So we keep doing this, before, during and after every new attempt to save corporate America a few more bucks by dumping the pollution on their neighbors or getting rid of a five-cent added part. Yes, Americans do care about their children, and their parents, and their towns. That’s what the regulations are protecting. That’s why somebody, at some previous point, asked that they be written down.
It’s hard to imagine something less lethal than marshmallows, which is what makes them the perfect ammunition if you’re going to teach a child how to make a gun. As summer winds down, bored kids across the country are looking to squeeze the last bit of fun out of their break from school, and eager […]
A long, hot Saturday at the PGA leaves us with an eclectic leaderboard heading into the final round of the final major of the men’s season.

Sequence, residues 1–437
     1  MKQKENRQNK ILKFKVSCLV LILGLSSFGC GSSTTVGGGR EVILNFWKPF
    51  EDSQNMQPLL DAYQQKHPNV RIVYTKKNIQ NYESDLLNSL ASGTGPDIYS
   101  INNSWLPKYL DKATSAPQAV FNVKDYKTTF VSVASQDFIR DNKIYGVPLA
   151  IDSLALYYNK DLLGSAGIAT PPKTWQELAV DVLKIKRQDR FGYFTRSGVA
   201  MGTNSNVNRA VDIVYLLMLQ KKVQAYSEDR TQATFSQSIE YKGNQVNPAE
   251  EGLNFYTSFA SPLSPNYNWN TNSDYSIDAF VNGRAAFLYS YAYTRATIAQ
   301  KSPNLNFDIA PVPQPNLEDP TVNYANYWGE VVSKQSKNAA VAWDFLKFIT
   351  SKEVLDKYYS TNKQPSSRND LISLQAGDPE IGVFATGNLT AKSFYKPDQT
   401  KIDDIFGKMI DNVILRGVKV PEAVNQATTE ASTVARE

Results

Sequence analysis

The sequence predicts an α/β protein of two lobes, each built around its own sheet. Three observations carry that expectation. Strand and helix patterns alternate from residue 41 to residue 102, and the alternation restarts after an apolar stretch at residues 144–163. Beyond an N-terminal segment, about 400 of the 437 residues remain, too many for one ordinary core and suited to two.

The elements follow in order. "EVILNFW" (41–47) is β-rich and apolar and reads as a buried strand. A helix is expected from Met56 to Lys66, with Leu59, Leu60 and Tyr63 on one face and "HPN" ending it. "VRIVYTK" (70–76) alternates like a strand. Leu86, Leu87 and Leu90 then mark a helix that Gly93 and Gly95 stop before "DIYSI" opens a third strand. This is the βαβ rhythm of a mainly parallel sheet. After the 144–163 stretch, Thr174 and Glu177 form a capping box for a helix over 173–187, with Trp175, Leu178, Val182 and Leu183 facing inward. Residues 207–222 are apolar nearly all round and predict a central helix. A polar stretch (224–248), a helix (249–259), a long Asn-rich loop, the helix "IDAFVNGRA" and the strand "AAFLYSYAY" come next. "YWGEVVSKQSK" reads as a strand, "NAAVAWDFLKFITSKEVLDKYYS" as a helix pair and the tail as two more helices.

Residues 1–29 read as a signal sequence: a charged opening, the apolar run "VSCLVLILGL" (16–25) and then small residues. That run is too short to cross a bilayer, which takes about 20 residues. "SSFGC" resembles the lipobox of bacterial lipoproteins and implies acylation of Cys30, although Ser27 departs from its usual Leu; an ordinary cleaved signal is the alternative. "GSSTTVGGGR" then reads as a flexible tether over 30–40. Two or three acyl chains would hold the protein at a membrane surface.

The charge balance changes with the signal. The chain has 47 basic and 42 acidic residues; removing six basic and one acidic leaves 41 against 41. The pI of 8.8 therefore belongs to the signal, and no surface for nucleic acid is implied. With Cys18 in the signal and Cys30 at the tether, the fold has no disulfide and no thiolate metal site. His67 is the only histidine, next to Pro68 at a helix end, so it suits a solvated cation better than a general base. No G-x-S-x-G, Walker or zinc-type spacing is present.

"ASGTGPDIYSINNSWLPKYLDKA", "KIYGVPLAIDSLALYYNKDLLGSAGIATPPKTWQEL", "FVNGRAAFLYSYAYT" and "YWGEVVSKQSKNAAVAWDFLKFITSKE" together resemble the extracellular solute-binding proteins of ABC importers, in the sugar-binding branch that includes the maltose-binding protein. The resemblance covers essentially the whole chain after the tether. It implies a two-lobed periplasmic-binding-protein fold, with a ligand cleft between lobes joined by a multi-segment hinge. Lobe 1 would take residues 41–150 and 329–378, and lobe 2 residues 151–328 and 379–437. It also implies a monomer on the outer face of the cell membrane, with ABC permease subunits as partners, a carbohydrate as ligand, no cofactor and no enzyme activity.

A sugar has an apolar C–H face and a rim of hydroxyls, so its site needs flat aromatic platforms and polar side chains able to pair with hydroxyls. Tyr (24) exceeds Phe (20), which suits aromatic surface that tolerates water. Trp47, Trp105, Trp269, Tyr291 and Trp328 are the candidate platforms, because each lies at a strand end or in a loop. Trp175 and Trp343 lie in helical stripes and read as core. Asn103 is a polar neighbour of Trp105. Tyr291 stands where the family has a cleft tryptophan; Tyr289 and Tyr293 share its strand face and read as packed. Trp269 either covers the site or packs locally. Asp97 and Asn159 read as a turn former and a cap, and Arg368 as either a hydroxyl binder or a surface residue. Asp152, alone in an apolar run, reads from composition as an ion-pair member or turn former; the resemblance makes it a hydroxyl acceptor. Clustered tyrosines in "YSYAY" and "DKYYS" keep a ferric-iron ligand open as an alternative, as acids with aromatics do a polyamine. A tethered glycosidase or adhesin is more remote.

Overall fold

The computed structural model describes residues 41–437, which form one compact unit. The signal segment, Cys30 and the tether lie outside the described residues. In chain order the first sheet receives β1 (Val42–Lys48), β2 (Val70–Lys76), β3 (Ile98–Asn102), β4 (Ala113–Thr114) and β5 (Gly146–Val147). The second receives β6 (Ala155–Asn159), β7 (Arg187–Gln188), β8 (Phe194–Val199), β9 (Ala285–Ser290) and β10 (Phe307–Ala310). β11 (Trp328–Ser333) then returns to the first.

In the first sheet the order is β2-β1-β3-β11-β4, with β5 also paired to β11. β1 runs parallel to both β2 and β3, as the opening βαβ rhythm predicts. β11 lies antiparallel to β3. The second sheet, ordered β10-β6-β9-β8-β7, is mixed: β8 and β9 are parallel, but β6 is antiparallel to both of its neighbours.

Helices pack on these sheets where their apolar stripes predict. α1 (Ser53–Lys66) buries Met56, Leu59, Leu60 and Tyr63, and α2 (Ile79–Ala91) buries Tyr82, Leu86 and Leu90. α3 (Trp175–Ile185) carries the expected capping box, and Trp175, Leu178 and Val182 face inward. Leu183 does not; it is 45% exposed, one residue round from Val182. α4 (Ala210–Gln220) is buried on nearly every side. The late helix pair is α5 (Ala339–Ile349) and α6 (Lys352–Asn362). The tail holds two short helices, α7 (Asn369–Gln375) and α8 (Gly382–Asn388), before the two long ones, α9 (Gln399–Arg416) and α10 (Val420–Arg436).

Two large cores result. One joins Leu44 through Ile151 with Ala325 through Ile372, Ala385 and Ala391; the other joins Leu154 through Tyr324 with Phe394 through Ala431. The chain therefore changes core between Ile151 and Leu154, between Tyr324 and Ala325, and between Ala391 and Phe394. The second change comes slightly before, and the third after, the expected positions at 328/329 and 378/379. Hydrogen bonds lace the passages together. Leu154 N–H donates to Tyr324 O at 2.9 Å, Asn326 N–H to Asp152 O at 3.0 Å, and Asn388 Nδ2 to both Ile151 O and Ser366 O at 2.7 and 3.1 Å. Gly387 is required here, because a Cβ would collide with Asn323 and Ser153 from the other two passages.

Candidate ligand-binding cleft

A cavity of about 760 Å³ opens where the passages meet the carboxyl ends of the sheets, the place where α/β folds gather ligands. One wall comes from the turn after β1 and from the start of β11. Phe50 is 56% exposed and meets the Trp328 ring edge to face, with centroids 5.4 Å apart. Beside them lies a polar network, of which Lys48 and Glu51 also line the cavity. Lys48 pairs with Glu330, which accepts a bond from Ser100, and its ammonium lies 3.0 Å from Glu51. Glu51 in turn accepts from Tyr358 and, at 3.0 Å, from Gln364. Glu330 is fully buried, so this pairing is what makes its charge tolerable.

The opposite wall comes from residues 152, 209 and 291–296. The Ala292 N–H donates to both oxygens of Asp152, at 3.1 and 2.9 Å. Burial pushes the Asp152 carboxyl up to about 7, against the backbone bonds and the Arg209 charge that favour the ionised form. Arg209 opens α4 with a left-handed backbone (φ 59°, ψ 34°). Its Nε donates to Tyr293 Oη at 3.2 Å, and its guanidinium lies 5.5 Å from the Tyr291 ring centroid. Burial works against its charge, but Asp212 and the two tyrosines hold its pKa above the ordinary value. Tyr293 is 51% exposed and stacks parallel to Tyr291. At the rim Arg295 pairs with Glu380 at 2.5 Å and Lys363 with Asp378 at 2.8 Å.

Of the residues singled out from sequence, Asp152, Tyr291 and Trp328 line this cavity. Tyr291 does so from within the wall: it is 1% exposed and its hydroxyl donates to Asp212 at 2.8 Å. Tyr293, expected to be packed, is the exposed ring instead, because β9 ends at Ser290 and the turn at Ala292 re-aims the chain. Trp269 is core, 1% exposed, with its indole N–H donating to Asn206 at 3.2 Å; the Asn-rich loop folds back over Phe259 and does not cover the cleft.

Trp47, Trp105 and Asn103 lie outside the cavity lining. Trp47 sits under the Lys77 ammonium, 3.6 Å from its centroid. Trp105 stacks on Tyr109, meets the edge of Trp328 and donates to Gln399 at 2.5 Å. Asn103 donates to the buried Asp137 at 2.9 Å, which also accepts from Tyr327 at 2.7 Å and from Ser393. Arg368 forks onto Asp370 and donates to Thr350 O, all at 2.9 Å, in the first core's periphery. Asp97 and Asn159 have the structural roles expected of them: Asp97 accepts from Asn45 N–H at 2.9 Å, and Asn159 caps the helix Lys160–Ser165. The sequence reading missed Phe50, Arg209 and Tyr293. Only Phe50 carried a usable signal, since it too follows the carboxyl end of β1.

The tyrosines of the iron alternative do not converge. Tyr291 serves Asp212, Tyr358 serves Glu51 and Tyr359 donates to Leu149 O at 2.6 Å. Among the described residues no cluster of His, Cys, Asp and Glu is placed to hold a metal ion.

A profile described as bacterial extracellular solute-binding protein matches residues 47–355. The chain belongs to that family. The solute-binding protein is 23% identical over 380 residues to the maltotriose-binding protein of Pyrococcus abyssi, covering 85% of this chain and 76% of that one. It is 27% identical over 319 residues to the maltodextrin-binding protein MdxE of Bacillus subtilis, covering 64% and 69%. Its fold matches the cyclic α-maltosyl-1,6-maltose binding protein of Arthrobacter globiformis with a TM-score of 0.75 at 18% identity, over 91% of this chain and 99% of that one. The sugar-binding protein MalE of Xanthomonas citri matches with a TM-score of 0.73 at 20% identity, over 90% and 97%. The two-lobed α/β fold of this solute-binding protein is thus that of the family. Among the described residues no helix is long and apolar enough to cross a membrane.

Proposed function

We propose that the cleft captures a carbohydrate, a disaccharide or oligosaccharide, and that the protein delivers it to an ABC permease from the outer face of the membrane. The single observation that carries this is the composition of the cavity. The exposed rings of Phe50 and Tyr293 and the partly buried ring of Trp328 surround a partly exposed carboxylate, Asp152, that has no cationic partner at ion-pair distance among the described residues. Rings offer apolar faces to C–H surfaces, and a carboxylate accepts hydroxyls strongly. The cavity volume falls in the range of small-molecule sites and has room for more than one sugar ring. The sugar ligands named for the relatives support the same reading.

A U.S. Open broke out on Saturday at the PGA Championship, where the best in the world were beat up at Quail Hollow. The heat and humidity were intense and the setup was borderline, with players grumbling about pin placements and pace of play. We’ve got an … eclectic (?) leaderboard heading into Sunday in Charlotte. It won’t be the Spieth vs. Rory battle we all wanted, but there’s a mix of styles and stories inside the top 10. Some notes from Saturday at the PGA.
The Kiz does it differently
In an era when the game feels dominated by 20-something bombers, it’s a refreshing change of pace to have Kevin Kisner on top of the major championship leaderboard. Kisner didn’t come into his pro career with his TrackMan numbers dialed in and specialized fitness for hitting bombs off the tee. We’re trending toward a game with much less art, skill, and variety than we used to have, opting for primed young studs who try to hit it as far as possible and then figure the rest out later.